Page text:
Grieving while dutifully sorting through the boxes of clothing, jewelry, and accessories in the wake of her mom’s passing, Holmes heard within herself a calling to creatively transform the inert pieces into a doll honoring her mother’s spirit. Of course, she fashioned a hat, and added other adornments. Most of all, she worked tirelessly to perfect the definitively regal self-assured stance emblazoned into her memory.
After commemorating her mom, Holmes later created a doll inspired by her late Aunt Daisy, the Ivory Coast missionary, a breast cancer victim.
Aside from these two role models, she also had two “original sister dolls” to hone her fashion creation skills on–daughters Chaniece and Misha, born 18 months apart.
“I made everything for them, and had so much fun dressing them, until they got to kindergarten or first grade.” Holmes recalled. At that point, the girls voiced opposition to wearing the charming but more vintage fashioned costumes. “There was this one Easter dress—with pinafores, and pearls, and it was all poofy– I loved it! But, when we got to church, they wouldn’t even take their coats off!” Holmes recalled with a laugh.
Respecting their wishes, Holmes instead channeled her creative flair into each custom ordered doll, imparting to every mini masterpiece not only the highest standard of workmanship but the greatest reverence.
“I did one order for a young lady, who brought me a bag full of her mom’s stuff, telling me that she was glam, she was glitzy.” Inspired, Holmes added a tiny silvery purse into the doll’s hand to complete her outfit. “Oh, my gosh, I cannot believe it, you got my mom to a T!” the grateful client cried.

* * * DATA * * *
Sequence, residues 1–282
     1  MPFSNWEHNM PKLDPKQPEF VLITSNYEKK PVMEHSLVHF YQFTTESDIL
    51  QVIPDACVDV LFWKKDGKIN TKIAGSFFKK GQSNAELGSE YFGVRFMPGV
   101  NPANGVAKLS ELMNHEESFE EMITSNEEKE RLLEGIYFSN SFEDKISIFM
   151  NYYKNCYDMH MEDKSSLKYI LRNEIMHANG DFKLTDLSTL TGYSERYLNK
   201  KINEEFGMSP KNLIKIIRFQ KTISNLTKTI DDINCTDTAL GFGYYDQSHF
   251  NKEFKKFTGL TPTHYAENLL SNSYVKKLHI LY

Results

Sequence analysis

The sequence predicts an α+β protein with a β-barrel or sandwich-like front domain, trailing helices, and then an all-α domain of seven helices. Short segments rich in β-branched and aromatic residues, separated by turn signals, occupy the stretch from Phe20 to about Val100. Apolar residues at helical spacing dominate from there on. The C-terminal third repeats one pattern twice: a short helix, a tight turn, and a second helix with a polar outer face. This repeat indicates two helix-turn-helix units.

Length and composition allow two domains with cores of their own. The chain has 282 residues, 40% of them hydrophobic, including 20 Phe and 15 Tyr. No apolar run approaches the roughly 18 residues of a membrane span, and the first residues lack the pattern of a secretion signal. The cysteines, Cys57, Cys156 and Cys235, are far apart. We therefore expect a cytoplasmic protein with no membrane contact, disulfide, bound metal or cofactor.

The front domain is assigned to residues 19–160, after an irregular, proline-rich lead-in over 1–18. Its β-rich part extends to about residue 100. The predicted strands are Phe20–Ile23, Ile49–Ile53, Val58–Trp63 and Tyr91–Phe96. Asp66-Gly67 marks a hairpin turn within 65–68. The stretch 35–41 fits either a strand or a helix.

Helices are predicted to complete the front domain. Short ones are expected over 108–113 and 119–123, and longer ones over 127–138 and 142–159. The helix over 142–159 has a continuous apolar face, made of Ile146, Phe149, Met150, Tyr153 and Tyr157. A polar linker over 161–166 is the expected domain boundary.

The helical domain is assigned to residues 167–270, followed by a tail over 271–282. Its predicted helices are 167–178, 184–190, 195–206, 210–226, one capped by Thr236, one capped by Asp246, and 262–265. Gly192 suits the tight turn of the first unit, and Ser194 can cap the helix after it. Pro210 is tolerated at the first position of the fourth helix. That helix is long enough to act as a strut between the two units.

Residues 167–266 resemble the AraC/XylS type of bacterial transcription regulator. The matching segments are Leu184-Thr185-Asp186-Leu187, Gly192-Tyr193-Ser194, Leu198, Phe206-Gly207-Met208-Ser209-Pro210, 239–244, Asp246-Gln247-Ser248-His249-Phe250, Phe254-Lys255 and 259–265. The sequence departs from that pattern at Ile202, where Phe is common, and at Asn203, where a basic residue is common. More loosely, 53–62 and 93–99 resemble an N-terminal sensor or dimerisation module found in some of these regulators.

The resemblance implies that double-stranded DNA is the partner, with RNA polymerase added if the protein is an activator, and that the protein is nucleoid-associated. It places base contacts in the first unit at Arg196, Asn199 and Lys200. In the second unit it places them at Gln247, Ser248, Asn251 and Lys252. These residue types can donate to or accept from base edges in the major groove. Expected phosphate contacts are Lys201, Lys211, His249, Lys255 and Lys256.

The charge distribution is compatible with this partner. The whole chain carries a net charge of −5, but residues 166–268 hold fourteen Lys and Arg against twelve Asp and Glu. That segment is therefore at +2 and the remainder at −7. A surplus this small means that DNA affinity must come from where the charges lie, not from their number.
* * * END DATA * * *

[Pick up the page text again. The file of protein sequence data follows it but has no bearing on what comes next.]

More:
Currently on her plate is a project honoring her cousin’s ex-husband who passed suddenly at the age of 51, leaving 7 children behind. Her cousin’s special request: that a beautiful African garment he wore for ceremonial occasions be incorporated into a doll for each youngster.
“Getting those memories out of the attic and the closet, to where you can see them every day, and they can make you smile, I think that brings me the most joy,” she stated. Translating inspirational lives into works of art, for Holmes, provides a meaningful intersection where history is brought to life, on a highly personal level, reaching out to posterity.
“While there are many negative narratives in history, the essence of who you are, made up of so many threads, can change it. In my own life, I had the opportunity to be mentored and loved by Mary Green, Daisy Whaley, and Chaniece and Misha Holmes, culminating, too, in all the amazing women in my church that wore hats, and jewelry, and purses, and gloves. They all deposited something so beautiful in my life, and I get to honor that,” Holmes stated.
For more information, call 410-220-6010 or visit https://Iammysisterdolls.com, A.Renee Designs LLC@IAMMYSISTERDOLLS on Facebook and Iammysisterdolls on Instagram.
Debra Messick is a retired Dorchester County Public Library associate and lifelong freelance writer. A transplanted native Philadelphian, she has enjoyed residing in Cambridge MD since 1995.